For a long time, sit-ups were the go-to ab exercise. And then, bolstered by concerns for the world’s spinal health, the more gentle crunch took over. But, even that subtle exercise has been replaced. Now, the humble, unassuming plank is the ab exercise of choice for many people.
Is the plank really all that effective, though? What made it so popular to begin with?
Plank’s Secret To Success
To understand why everyone went so crazy for the plank – and was so quick to drop crunching movements – it’s helps to think about the structure and function of your core. Notice, we’re talking about the core here. Not just abs. That’s important.
Your abs (more correctly called abdominal muscles), include the rectus abdominus and the obliques – both of the internal and external varieties. These are the muscles that wrap around your waist to provide structural support and facilitate movement. Oh yeah, and give you a six-pack.
The core, however, is about much more than just these three muscle groups. Instead, this term encompasses the muscles around your hips and lower back, in addition to those ever-popular abs. Functioning as a unit, these core muscles support your posture and grant your torso a huge range of motion.
But why does any of this matter? Understanding the structure and intended function of your core allows you to make a more informed decision about the most effective way to work those muscles. Crunches and sit-ups, for example, which require you to flex your abdomen only work your rectus abdominus. Even worse, they place a pretty unnatural type of stress on those muscles. After all, how often do you do anything that even remotely resembles a crunch in your daily routine?
Planks, however, challenge your entire core. More importantly, the action of planking very closely simulates the primary function of those muscles – that of keeping you upright. According to numerous studies, including a 2016 paper in the journal Physical Therapy Rehabilitation Science, this makes the plank an extremely effective core exercise.
Also of note is the fact that planks are low-to-no-impact, making them a viable option for individuals who are recovering from or at risk for an injury.
Doing It Right
And, for all of those reasons, everybody loves the plank. Unfortunately, the incredibly popular exercise does have some faults. Ignoring these weakness, as it turns out, could slow down your fitness progress and put you at a pretty distinct disadvantage.
Essentially, people both under- and over-estimate the plank. First, let’s talk about the underestimation. Rooted in the apparent simplicity of the exercise, many people just pay a woefully little amount of attention to form.
Yes, planks require proper form. Despite appearances, you aren’t just lying on the floor. During a perfectly performed plank, every muscle in your abs, lower back and hips is contracting isometrically to give your torso rigid. If your form is incorrect, then, you could be placing the stress on the wrong muscles and limiting your core’s ability to do it’s job.
So, what is proper plank form?
- Start in push-up position with your legs straight behind you and your hands on the floor under your shoulders. To make it easier, bend your elbows and rest your weight on your forearms instead of your palms.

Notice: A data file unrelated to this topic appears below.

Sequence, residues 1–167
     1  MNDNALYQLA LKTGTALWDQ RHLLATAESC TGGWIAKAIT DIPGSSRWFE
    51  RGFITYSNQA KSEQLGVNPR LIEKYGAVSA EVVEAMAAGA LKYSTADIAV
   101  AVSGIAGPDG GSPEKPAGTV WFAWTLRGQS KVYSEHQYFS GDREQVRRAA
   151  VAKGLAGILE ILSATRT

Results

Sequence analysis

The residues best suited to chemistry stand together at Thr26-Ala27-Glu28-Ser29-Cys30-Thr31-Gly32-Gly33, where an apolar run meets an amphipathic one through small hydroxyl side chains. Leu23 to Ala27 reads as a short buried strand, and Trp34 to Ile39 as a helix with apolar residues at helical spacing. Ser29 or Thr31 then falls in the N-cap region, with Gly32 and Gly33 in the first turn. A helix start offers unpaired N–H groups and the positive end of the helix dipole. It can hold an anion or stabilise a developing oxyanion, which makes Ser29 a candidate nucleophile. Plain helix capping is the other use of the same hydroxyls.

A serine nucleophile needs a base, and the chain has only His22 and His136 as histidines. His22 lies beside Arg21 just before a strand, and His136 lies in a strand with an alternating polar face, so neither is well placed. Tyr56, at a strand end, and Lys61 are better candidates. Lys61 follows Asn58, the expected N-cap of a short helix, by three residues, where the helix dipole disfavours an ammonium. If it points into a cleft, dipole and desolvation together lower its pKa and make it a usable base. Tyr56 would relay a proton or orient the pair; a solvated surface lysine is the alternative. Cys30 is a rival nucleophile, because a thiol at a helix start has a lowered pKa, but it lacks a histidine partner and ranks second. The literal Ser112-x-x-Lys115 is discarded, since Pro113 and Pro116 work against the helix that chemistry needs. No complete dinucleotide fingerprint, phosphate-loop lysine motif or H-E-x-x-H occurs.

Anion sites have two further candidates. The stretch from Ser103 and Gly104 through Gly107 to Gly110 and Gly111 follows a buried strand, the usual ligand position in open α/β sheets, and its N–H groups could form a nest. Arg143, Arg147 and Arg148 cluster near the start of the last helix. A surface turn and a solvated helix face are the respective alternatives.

- Tighten your core and focus on keeping your back straight.
Seems pretty easy, right? How could you mess that up? Your pelvis should be in a neutral position, not drifting too high or too low. Also, keep your shoulders aligned and retracted so that your shoulder blades don’t become wings on your back. If you feel the tension on your lower back and arm instead of your abs, glutes and hips, you’re doing it wrong.
A Proper View
Now, what of this overestimation business? The plank, as seen from the research, is a very effective way to strengthen your core. To a point.
Generally speaking, any exercise that lasts beyond 60 seconds is no longer building strength but is now entering into the realm of muscular endurance. Granted, that could be exactly what you’re looking to accomplish.
But, if you’re after a strong and pronounced collection of abdominal muscles, a plankathon isn’t going to get the job done. Once your muscles are stronger enough to hold a flawless plank for a full minute, it’s time to move on to something else.
So, what do you do if you’ve outgrown the classic plank, though? Is it back to weighted crunches for you? Not necessarily. Here are a few exercises to try when you’ve surpassed the requirements of the plank and need to keep progressing.
- Begin in the classic plank position, with your legs straight out behind you
- While keeping your back straight, quickly draw your right knee toward your chest
- Without allowing your right toes to touch the ground, immediately return your leg to the starting position
- At the same time, bring your left knee in
- Repeat, alternating between legs in a movement that should resemble running
- Start in the plank position
- Tighten your core and lift your right leg straight up behind you, as high as you can
- Hold this pose as long as you can
- Repeat with the left leg
Stability Ball Plank
- Begin in a plank position, with the tops of your feet resting on a stability ball and your hands on the ground under your shoulders.
- Hold this position
Please Note: Before following exercise routines or changing your fitness regime, please consult a certified fitness professional. Always talk with a medical practitioner before following dietary advice or taking supplements.